POLLIN: Okay. Well, first and foremost we start with—you know, the big debate at this point, where we are, is between the Senate version and the House version. So the clear thing that we need to look for is the extent to which the Senate version is prevailing. The Senate version has much stronger features that are going to prevent the kind of excessive speculative activity. So number one, the Senate version. Now, what are the things within the Senate version? There is actually some concern even within the Senate version that there is a loophole whereby if a trader decides to trade over the counter, outside of the legal exchanges, there's no punishment. So we've got to make sure that people can be very severely punished for not following the rules. That's step one. Then step two: what are the rules? Step two is we want, to the maximum extent, all trading done on exchanges, all trading done under the auspices of the Commodity Futures Trading Commission. Again, it's not perfect, but it worked reasonably well up until 2000. Those would be the basic things. Now, these other things are slightly more technical but crucial—that there be significant capital requirements for the clearinghouses that manage these regulated exchanges, that there be significant margin requirements, that is, the amount of cash you have to put in as opposed to borrowing in order to participate in trading, and that no trader has an unlimited amount of trading capacity. And finally, there is this one component to the overall derivatives feature of the bill, which is to strip banks from being involved in the swap derivative market. Now what's the logic there? That these swap markets, the credit default swaps that were so instrumental in AIG in almost bringing down the global economy, those things have to be taken out of the hands of banks because banks are subsidized. Banks are subsidized because of a default insurance that we give to banks through FDIC, Federal Deposit Insurance. Banks are subsidized, effectively, through these kinds of bailouts. So if the banks are going to be in line for subsidies, they cannot be involved in the derivatives market in the way they were. So that's called 716. That's the Blanche Lincoln amendment to the bill, number 716, which is important to keep in. So those would be the things that people should look for.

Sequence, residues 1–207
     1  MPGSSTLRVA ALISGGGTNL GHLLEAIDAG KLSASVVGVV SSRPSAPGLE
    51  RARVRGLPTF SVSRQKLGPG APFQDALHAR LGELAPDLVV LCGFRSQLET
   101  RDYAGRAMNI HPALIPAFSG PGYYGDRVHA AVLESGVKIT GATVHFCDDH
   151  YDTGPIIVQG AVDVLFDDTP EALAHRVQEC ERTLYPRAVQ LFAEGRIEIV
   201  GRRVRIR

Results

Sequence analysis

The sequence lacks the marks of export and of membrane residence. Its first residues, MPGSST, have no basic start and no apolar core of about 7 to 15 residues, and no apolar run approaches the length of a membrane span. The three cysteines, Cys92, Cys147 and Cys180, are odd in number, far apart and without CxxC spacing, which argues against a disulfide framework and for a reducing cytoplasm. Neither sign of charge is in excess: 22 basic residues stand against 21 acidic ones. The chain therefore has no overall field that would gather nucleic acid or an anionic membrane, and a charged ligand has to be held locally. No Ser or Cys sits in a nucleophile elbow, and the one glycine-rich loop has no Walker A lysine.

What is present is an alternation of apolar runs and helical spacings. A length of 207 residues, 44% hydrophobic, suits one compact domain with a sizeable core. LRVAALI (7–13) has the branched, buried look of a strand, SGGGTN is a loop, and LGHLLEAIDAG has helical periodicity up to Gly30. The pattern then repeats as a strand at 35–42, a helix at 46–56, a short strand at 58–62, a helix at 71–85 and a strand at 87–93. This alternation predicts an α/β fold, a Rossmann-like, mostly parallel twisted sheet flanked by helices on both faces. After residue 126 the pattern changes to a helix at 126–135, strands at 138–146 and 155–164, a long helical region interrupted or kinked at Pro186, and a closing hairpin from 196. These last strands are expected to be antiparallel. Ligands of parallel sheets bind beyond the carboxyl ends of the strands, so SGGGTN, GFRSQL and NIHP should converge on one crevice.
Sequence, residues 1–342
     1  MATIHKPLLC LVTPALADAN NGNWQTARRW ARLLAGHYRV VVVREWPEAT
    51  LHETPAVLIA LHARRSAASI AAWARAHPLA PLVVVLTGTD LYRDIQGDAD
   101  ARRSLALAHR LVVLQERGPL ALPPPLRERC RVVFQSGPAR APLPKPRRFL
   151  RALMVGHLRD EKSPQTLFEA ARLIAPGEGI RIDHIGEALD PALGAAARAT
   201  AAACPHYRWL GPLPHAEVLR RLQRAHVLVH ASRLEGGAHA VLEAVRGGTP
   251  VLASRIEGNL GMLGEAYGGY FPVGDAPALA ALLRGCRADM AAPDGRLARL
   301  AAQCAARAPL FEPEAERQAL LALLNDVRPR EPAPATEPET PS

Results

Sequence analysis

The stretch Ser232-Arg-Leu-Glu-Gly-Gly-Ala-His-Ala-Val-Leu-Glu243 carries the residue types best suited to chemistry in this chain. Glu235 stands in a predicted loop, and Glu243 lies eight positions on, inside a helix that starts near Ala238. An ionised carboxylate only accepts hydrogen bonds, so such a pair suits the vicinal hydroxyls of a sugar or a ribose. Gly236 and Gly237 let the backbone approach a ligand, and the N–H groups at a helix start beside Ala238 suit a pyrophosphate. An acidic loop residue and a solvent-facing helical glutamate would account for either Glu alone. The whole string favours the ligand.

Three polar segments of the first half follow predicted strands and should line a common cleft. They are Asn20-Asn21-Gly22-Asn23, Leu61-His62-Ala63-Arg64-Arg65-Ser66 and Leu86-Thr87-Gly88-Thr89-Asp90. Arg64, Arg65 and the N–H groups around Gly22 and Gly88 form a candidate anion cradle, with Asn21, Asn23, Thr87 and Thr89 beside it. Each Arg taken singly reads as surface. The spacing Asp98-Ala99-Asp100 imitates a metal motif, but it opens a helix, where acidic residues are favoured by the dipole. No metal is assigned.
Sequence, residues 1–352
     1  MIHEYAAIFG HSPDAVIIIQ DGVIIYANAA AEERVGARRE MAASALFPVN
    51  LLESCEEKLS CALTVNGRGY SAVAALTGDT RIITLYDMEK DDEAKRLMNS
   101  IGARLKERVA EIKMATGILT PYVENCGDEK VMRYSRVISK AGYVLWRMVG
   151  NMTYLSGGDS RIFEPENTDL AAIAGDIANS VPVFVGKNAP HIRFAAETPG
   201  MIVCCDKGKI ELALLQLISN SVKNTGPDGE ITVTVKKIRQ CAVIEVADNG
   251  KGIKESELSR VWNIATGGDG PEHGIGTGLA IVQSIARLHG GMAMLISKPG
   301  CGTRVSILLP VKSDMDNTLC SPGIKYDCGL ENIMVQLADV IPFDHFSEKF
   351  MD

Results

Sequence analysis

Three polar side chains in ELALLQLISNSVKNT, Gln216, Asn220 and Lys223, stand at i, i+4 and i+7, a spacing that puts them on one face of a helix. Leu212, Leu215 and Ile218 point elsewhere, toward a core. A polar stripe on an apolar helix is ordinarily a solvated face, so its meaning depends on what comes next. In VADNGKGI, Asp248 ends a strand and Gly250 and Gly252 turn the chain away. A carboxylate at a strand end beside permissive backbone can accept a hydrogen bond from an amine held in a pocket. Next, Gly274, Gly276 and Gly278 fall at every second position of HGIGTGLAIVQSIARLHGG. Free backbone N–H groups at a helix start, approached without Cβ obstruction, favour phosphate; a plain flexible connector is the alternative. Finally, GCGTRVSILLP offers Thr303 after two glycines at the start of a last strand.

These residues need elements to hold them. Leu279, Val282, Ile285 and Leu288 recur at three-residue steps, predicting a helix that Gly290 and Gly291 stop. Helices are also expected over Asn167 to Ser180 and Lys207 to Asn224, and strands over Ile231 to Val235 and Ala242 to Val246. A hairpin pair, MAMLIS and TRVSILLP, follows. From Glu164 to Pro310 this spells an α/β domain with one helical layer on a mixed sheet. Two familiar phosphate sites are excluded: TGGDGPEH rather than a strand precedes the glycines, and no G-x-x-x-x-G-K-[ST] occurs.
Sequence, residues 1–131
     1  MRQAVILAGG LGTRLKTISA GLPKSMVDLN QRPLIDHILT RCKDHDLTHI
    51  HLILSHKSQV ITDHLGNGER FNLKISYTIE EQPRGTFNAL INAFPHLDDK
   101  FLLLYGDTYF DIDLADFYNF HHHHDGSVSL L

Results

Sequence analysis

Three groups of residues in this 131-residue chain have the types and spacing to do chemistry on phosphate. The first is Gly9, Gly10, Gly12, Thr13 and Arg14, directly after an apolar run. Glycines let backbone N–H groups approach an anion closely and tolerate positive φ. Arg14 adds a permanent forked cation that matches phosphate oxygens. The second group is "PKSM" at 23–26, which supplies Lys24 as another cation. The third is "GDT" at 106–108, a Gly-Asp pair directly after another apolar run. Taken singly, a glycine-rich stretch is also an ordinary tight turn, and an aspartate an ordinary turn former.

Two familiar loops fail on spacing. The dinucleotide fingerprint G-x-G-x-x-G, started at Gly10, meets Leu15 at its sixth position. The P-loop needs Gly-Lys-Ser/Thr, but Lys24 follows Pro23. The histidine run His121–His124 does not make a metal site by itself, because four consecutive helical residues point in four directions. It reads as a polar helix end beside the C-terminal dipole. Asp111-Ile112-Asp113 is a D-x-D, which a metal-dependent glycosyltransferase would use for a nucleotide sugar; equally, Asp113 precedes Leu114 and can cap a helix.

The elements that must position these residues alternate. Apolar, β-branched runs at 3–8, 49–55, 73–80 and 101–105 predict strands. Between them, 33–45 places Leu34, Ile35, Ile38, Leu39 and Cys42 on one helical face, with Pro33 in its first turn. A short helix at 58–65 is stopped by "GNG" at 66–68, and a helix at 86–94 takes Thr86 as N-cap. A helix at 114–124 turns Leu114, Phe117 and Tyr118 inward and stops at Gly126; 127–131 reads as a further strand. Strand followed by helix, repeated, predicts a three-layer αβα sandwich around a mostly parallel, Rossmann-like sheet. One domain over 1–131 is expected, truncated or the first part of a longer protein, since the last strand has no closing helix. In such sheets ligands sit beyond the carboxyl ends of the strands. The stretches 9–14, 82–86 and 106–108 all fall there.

JAY: Okay. Well, in the next segment of our interview, let's talk about what should be in this bill that's not in the bill. I mean, one of the issues I raised is you can have even good regulation, but if you have a Bush-Cheney regime and a Cheney gets to appoint who the regulators are, you'd wind up with the BP disaster in the Gulf even though there was a regulatory regime. So in the next segment of our interview, why don't you rewrite the legislation? Please join us for Bob Pollin's finance reform on The Real News Network.

End of Transcript